Issue 02: Novelist
This article is an excerpt from the Novelist interview feature from Issue 02 of GAFFER: Heart & Soul. Available now from our online store now.
Novelist is a 22-year-old with the quiet and considered confidence of a grime veteran. His discography boasts up-and-comers and established artists alike. AJ Tracey, Skepta and Tom Misch to name but a few.
His passion stretches beyond grime to front-page social issues, most recently the epidemic of violence in the UK. This year he’s released an EP, a short film and multiple singles, further establishing his reputation as a versatile and insightful artist.
Some people are hard to contain on paper. They’re too big, too nuanced and too authentic to make permanent with words alone. Novelist is one of them – so it’s lucky he’s so good at self-expression.
I picked him up from his mum’s road in Brockley, SE4. He climbed in, reclined the seat and rested his head against the window. He seemed as comfortable here as he does on stage, on national news or in the studio. Talking to GAFFER, this is Novelist on community, family, faith and football…
Let’s start by talking about Brockley… What was it like growing up here? And what’s it like living here now?
I’ve been a Brockley boy my whole life. Growing up round here was kind of fun man. Everyone knows each other, and we did have a couple youth clubs. It wasn’t separate… white kids, black kids, everyone. Socially it’s not really changed that much. Most of the people I grew up with still live round here. Everybody knows me in Brockley… I’ll stop and talk with anyone who’s got something decent to say. What’s the point in me even being here if I can’t communicate with those that are next door to me? What do you think it’s gonna be like in heaven, you think man’s gonna walk past man and screw man? No, it’s gonna be ‘yeah, hello, good day’.
What was your path into music? And how has family affected your journey?
My uncle. We’d just watch him make beats. I started dabbling with Fruity Loops and Reason… I’m more of a producer than an MC but everyone knows me ‘cause I MC.
My people keep me grounded. I’ve got friends who walk a totally different path to me because their background at home wasn’t the same as what mine is. No matter what we had or didn’t have, there was always integrity and love in my household.
You released “No Weapons, See me” which references the issue of violence in the UK right now. What is the message you’re trying to put out with that song and short film?
The message is ‘it’s not worth it’. Anyone who’s got dead homies will tell you it’s not worth it. I’ve got friends who have died ‘cause of the path they were on. That’s what I want people to know… you’ve got the option to make the right choice. The youngsters are going berserk right now. I can’t tell a next man what to do, but I can be an example of what I think is better. When people see better, they do better.
It’s a turbulent time in politics and figures like Stormzy and Loyle Carner are commenting on the new Prime Minister. How do you feel about the political situation right now? What issues do you hold close to your heart?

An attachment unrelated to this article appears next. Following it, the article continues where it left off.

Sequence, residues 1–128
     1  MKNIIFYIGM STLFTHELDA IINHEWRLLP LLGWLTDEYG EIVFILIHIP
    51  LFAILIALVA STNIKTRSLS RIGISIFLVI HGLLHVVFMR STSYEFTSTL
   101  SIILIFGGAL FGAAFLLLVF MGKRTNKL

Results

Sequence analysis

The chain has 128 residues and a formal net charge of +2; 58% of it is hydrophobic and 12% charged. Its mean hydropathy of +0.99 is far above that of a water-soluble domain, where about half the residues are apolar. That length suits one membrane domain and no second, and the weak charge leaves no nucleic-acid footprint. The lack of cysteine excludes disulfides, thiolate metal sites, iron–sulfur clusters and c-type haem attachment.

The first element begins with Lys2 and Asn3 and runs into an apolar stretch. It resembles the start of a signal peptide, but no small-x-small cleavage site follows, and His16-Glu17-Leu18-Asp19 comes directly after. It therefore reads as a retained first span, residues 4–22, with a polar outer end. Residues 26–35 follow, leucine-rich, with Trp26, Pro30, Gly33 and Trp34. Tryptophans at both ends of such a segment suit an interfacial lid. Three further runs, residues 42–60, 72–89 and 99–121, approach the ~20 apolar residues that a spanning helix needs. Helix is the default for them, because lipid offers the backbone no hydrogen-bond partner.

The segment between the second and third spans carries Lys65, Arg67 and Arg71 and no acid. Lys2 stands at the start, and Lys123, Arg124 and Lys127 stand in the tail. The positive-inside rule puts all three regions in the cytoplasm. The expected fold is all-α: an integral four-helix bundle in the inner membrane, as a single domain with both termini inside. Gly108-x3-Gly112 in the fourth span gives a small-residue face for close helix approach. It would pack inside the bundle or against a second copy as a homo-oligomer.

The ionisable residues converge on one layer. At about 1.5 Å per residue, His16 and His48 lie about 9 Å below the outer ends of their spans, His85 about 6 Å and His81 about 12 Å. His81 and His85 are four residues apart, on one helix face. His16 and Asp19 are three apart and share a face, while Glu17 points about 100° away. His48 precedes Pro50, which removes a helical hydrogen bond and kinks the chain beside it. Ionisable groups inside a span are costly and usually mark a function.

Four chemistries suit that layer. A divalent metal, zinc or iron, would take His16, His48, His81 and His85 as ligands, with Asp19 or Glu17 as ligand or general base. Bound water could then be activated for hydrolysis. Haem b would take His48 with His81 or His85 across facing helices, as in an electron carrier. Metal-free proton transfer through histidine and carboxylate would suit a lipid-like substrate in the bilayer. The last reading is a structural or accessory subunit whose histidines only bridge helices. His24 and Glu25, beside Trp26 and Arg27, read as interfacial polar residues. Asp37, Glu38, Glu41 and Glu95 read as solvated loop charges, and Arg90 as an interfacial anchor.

I think people moan too much. When you have someone in leadership, it’s better to support… not everything they believe in… but support them rather than fight against them. Whatever needs to be fixed, I want to be involved in. Not for the sake of the camera… I’m not on this raising awareness garbage. I’m on doing things. ‘Cause what are we even alive for if you’re not here to contribute something, what’s the point?
“I just don’t change decisions that I make. I made it when I was a young G. You can’t change sides…. so through thick and thin, man’s a Man U man.”
You support Manchester United but you grew up a stone’s throw from multiple London clubs. Why United? What’s your relationship with football?
I just don’t change decisions that I make. I made it when I was a young G. You can’t change sides…. so through thick and thin, man’s a Man-U man.
I used to go to a place called Catford Pits to play, and that was sick. Now it’s privatised. It was a nice environment. I don’t know why they took that away bro. For my generation in Lewisham it would have been a lot worse – and more people would be dead – if we didn’t have that.
You’ve got a huge following on Instagram but only 6 posts. What stops you from posting ‘the lifestyle’ on there?
‘Cause I’m nothing like these other guys. I’m not like them in the flesh and I’m not like them on the internet. How could I play by the same rules as everyone else? I’m not even in the industry as far as I’m concerned, I’m just Novelist. My faith is in God, I don’t put my faith in tangible things or other people.
You know back in the day when U2 downloaded their album onto every iPhone… if you could do that, which tracks of yours would you choose?
‘No Weapons’, because of the message. And I love that song. I’ve played that song every day since I made it. I’ve got an EP called ‘Be Blessed’, I’d put that on there, the whole EP. And then one of my recent songs, ‘Different Shoes.’ That song’s hard.
If you could share one bit of life advice with everyone you meet, what would it be?
It’s something cliché but you have to practice it. Treat your neighbour as yourself. Don’t do anything to anyone you wouldn’t do to yourself. That is the key to life, literally. Deal with people how you wanna be dealt with. Because we want good in life, so give it. Give what you want.
However hard artists might try to convey authenticity, just saying ‘I’m down to earth’ doesn’t cut it. Novelist doesn’t just tell, he shows. Despite success that could see him disappear into the rap-star clouds, he chooses to stay in his community, spread positivity and create music with more depth and wisdom than more than a few 22-year-olds combined.
Like this article? Enjoy all cover features and interviews in Issue 02: Heart and Soul – available now from the GAFFER Online Shop.
Special pricing on early delivery.